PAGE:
If you're happy that our airwaves are full of cheap crap rather than quality drama then fine, just carry on using clever little utilities to strip off DRM when you find it and sharing them over the torrents, and you'll have your way.
"ANYBODY in UK with Flash on ANY browser on ANY OS can view the iPlayer streams."
Could you tell me how I do it on Linux on AMD64, or Sparc64, or PowerPC then? Hint, there is no Adobe Flash plugins on these platforms.
I *could* view the streams on all these platforms yesterday using the iPhone hack, pity it's gone.
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Why bother making the iPlayer available on the iPhone anyway. The reason the BBC haven’t made a Linux version is because Linux is unpopular, so is the iPhone. This doesn't seem like good use of the licence payer’s money to me. Developing a client for Symbian or Windows Mobile would be a much better option, or even some sort of Java client.
The only two things I can see are either a different outcome from the math.random function on the iPhone or + availableStreams.pid + (see http://www.bbc.co.uk/iplayer/page/script/1.7/iplayer_info.js also) is generated differently somehow. Not being a Java programmer or owning an iPhone, I can't tell though. When I look at http://www.bbc.co.uk/iplayer/page/item/b00936r3.shtml?src=ip_mlt I get the link http://www.bbc.co.uk/mediaselector/3/auth/iplayer_streaming_http_mp4/b009hdr4?431410 generated when masquerading as an iPhone. Anyone with an iPhone like to see if something different appears?
The web browser probably has its own random number generator rather than using the system one. Other than that, your idea certainly has legs.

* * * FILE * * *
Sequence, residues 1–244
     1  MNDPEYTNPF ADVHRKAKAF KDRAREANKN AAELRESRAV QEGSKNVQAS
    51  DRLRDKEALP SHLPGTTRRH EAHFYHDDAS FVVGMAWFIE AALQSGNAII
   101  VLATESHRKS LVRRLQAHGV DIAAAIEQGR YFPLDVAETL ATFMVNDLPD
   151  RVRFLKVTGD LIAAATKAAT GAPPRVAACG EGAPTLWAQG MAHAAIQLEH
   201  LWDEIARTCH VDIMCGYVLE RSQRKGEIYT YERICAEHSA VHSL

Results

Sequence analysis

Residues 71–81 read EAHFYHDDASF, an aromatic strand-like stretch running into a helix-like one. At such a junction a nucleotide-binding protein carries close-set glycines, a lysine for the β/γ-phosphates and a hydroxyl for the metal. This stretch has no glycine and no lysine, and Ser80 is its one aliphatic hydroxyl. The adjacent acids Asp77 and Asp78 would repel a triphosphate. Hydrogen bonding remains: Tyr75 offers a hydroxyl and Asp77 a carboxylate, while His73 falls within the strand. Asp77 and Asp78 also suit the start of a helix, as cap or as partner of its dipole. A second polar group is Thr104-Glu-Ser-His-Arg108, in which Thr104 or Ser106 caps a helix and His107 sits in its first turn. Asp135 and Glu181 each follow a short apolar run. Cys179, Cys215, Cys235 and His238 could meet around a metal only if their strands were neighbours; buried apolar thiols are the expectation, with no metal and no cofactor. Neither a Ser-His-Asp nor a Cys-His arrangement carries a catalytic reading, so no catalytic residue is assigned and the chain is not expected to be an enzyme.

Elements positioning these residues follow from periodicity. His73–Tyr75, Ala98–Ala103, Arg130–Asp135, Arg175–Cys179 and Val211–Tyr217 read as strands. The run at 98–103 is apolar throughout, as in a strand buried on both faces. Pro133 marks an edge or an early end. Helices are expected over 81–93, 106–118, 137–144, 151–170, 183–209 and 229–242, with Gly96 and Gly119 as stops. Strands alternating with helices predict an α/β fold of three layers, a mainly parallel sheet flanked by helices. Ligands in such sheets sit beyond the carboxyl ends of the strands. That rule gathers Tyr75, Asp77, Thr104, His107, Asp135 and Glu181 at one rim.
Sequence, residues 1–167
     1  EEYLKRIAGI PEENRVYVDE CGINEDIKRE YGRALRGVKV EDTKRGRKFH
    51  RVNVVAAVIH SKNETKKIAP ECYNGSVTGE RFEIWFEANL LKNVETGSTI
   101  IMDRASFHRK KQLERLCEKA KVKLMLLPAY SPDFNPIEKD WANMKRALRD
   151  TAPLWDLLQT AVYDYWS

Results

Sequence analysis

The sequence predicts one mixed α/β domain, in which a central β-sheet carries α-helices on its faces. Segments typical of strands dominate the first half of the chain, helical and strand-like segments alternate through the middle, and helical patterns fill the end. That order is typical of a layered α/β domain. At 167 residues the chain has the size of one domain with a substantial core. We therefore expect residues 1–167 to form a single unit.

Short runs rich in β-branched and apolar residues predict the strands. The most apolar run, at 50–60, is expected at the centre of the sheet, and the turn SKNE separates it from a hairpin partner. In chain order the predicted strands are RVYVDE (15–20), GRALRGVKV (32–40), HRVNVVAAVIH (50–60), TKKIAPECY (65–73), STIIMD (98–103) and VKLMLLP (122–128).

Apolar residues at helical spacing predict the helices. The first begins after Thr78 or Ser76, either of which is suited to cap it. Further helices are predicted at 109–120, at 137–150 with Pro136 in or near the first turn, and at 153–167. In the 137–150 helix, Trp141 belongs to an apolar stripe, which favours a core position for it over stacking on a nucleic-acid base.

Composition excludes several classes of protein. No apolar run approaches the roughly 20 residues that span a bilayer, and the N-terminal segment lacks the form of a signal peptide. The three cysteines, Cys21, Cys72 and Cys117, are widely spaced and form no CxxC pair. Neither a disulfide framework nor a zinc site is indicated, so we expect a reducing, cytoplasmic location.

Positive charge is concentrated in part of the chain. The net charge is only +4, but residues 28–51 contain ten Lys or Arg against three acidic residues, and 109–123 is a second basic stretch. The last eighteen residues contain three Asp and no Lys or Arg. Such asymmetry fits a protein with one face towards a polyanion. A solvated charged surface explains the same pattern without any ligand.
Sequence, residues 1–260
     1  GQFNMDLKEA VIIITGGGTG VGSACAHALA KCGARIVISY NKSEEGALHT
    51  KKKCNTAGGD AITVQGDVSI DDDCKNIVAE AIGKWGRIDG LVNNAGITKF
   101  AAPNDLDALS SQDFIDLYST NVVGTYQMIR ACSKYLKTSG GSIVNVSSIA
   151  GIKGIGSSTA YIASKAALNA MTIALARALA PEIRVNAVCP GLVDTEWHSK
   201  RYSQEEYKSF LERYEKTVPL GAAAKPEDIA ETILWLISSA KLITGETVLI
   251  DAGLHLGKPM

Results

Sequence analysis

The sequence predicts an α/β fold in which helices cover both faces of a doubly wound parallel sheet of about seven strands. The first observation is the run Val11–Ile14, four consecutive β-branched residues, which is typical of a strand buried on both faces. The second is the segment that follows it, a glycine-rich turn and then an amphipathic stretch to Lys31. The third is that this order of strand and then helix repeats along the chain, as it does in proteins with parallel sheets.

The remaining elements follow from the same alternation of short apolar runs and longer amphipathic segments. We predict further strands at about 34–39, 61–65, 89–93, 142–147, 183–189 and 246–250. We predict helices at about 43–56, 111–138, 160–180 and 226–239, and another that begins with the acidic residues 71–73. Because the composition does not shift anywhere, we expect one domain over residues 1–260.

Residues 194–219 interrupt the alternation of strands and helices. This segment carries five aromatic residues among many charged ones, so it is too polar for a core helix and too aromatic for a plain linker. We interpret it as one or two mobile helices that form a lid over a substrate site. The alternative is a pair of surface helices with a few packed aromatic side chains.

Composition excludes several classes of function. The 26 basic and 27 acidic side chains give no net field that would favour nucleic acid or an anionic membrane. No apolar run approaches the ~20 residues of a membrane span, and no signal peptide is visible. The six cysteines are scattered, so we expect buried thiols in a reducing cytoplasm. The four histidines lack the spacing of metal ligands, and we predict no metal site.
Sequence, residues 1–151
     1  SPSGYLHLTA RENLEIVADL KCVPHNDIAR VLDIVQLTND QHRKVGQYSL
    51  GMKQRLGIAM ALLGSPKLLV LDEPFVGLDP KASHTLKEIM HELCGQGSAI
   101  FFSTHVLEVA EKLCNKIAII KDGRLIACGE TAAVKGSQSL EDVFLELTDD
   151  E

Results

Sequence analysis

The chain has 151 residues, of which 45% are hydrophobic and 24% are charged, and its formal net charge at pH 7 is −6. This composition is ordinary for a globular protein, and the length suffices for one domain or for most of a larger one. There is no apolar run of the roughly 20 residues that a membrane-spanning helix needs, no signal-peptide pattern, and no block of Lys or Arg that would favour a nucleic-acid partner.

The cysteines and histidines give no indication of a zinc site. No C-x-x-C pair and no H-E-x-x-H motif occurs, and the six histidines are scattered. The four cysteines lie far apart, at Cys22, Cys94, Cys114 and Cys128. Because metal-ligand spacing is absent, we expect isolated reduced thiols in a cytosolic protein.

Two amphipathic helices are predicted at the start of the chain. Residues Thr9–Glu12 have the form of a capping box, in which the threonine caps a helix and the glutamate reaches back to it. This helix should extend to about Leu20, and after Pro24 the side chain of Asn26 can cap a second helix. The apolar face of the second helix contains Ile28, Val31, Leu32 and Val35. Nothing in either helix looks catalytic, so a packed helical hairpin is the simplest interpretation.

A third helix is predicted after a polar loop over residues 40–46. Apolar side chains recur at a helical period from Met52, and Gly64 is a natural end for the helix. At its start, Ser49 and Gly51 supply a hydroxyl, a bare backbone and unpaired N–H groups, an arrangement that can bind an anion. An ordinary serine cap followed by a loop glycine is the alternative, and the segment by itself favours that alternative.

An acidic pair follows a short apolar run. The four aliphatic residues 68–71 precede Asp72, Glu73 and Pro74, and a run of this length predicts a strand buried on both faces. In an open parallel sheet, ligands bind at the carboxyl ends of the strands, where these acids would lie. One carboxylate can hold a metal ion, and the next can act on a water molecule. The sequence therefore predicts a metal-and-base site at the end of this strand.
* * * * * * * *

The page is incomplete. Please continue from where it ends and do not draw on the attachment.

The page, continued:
Safari is based on the KHTML rendering engine, which is also used in Konqueror. By mucking about creating an extra file in /usr/share/services/useragentstrings/ (on Debian, so maybe also on Kubuntu; other distros may use different paths) and restarting X, I was able to persuade Konqueror to do something ..... It didn't play the video, but that's most probably just a misconfiguration my end. At least the BBC seem to think my Konqueror is an iPhone now .....
Of course I realise it would be simpler just to put the programmes in my Sky Plus Planner; but if I wanted to do things the easy way, I'd just buy an iPhone!
The problem is that if you are running a 64-bit system, you have to have 32-bit libraries installed somewhere in your path in order to be able to run software compiled by other people. And the 32-bit libraries ordinarily have the same filenames as the 64-bit libraries.
Also, there are some instructions that are not available once the processor has been switched into 64-bit mode (which 64-bit Linux does; but 32-bit Linux and Windows don't).
If someone wanted to badly enough, they could run Firefox on a Sinclair Spectrum, Cray 3, or CNC milling machine. It'd be hard work, but it'd be possible, because the Source Code for Firefox is available for anyone who wants it.
Adobe, however, will not release the Source Code for the Flash player; despite the fact that they give away binaries for certain, selected platforms gratis and therefore would have nothing to lose by giving away the Source Code.